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Thursday, October 17, 2013

Stanford Team Finds Novel Transcripts Using Long-Read Isoform Sequencing

An advance online publication in Nature Biotechnology from Michael Snyder’s lab at Stanford University demonstrates the utility of long-read sequencing for assessing transcribed regions across the human genome. Long PacBio reads were able to completely cover full-length RNA molecules, characterizing genetic regions that have not been previously annotated. The paper, entitled “A single-molecule long-read survey of the human transcriptome,” reports the application of Single Molecule, Real-Time (SMRT®) Sequencing to studying RNA, comparing it to results from libraries sequenced with a 454® instrument. The scientists sequenced cDNA synthesized from pooled RNA gathered from 20 human organs and tissues in order to…

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Wednesday, October 9, 2013

Resolving Complex Regions in the Human Genome: SMRT Sequencing Fills Major Mucin Gap

Scientists from University of North Carolina at Chapel Hill, Duke University, and other institutions have teamed up to sequence an important region of the human genome that has until now proven impenetrable. In a paper entitled “Genome Reference and Sequence Variation in the Large Repetitive Central Exon of Human MUC5AC,” published in the American Journal of Respiratory Cell and Molecular Biology, corresponding authors Wanda O’Neal and Judith Voynow along with their collaborators describe the use of Single Molecule, Real-Time (SMRT®) Sequencing to characterize a complex mucin exon. MUC5AC, located on the P arm of chromosome 11, encodes one of the…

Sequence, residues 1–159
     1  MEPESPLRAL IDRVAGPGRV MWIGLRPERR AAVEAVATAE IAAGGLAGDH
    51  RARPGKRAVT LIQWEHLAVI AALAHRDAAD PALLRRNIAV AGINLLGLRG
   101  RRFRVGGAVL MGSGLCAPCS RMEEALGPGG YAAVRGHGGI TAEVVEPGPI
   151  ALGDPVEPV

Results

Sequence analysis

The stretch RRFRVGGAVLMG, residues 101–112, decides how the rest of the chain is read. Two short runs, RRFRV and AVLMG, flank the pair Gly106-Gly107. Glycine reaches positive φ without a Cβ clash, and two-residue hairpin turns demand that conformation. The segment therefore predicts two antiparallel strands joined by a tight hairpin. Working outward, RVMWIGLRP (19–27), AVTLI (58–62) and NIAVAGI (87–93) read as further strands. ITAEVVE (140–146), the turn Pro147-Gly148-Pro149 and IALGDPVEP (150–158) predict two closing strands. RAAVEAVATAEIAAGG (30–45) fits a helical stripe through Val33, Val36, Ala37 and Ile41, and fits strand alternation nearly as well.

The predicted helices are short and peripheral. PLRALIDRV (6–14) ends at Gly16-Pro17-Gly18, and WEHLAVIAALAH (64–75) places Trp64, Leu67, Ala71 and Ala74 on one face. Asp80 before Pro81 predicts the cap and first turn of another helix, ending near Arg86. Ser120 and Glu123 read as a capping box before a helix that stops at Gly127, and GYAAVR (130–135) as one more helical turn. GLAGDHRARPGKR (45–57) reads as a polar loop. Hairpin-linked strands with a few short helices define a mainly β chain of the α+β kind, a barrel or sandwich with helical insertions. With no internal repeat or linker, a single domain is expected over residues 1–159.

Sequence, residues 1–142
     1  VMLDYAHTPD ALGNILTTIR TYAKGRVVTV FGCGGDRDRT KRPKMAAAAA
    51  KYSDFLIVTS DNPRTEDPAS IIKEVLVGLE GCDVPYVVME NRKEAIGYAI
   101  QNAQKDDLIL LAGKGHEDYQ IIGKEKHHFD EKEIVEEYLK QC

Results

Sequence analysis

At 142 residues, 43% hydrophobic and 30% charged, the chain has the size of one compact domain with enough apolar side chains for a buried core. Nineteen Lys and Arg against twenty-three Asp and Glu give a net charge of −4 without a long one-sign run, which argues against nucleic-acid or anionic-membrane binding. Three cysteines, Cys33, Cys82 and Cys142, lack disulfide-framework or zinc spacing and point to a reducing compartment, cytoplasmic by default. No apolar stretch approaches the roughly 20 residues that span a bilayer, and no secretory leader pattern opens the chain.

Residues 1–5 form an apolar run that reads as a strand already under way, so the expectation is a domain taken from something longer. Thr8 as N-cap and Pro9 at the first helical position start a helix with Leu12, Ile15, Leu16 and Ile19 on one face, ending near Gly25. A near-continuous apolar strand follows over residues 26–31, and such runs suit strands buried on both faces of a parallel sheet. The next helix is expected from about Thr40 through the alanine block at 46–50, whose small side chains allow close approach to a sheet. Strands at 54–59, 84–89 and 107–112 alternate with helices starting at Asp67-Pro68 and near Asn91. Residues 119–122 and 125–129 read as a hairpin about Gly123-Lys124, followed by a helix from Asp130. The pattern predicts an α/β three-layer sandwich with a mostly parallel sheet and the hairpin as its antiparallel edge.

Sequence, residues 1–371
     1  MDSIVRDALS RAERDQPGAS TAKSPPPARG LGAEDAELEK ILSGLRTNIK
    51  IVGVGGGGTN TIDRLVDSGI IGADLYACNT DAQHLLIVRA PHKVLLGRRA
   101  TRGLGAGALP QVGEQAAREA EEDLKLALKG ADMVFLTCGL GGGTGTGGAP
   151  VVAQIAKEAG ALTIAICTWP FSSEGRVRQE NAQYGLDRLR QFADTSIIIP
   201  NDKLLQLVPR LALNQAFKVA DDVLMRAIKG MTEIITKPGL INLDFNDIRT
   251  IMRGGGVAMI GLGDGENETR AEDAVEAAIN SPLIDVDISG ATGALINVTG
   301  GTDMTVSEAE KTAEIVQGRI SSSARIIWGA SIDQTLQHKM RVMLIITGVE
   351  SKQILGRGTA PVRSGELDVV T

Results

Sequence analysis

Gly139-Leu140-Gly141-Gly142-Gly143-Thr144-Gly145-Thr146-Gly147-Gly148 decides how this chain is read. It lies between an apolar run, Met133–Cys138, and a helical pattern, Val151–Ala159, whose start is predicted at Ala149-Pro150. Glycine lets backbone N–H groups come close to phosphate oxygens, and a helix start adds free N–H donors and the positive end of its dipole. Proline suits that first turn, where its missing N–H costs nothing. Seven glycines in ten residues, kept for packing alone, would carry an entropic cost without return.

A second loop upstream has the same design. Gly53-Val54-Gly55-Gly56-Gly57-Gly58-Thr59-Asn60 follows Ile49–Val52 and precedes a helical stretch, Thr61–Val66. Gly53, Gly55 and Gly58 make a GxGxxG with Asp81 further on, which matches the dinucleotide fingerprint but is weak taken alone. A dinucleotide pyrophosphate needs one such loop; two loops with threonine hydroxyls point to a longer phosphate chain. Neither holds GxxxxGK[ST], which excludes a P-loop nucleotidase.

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Monday, August 19, 2013

Scientists Assess Error Modes in Sequencing Platforms and Find SMRT Sequencing ‘Least Biased’

A paper from scientists at the Broad Institute reports a rigorous study of bias across all major sequencing platforms. In “Characterizing and measuring bias in sequence data,” published in Genome Biology, lead author Michael Ross and his colleagues report that SMRT® Sequencing on the PacBio® sequencer is the “least biased” in coverage of all the technologies studied. The authors assessed sequences for coverage bias, or uniformity of read distribution, and error bias, or incorrect call at a given position. For coverage bias, they report that PacBio performed best in extreme GC content (both GC-rich and GC-poor) and suggest this may…

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Tuesday, July 30, 2013

Single-Molecule Sequencing Technology Q&A with Nobel Laureate Rich Roberts

BioMed Central has published an interesting Q&A session on its Biome blog with Nobel Laureate Richard Roberts about why he believes in SMRT Sequencing and thinks non-users should take another look at it, too. He also discusses the critical need for funding to support the functional annotation of the genomes being sequenced, including for new bioinformatics tools. “We should be greatly increasing our efforts to gain functional insights into the millions of genes we are discovering by sequencing and for which we either have no idea of what they do, or many of our predictions are simply wrong,” he says.…

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Tuesday, May 14, 2013

Nature Methods Paper Demonstrates a Cost-Effective Process for Finishing Genomes

A paper recently published in Nature Methods offers a deep dive into the use of our HGAP and Quiver tools to generate a high-quality genome assembly with an automated, simplified workflow. (“Nonhybrid, finished microbial genome assemblies from long-read SMRT sequencing data,” Chin et al., advance online publication.) The publication, which includes lead author Chen-Shan Chin and others at Pacific Biosciences as well as collaborators at the Joint Genome Institute and the Eichler lab at the University of Washington, uses Single Molecule, Real-Time (SMRT®) Sequencing on three microorganisms and one human BAC to compare PacBio-only sequencing to existing high-quality reference genomes.…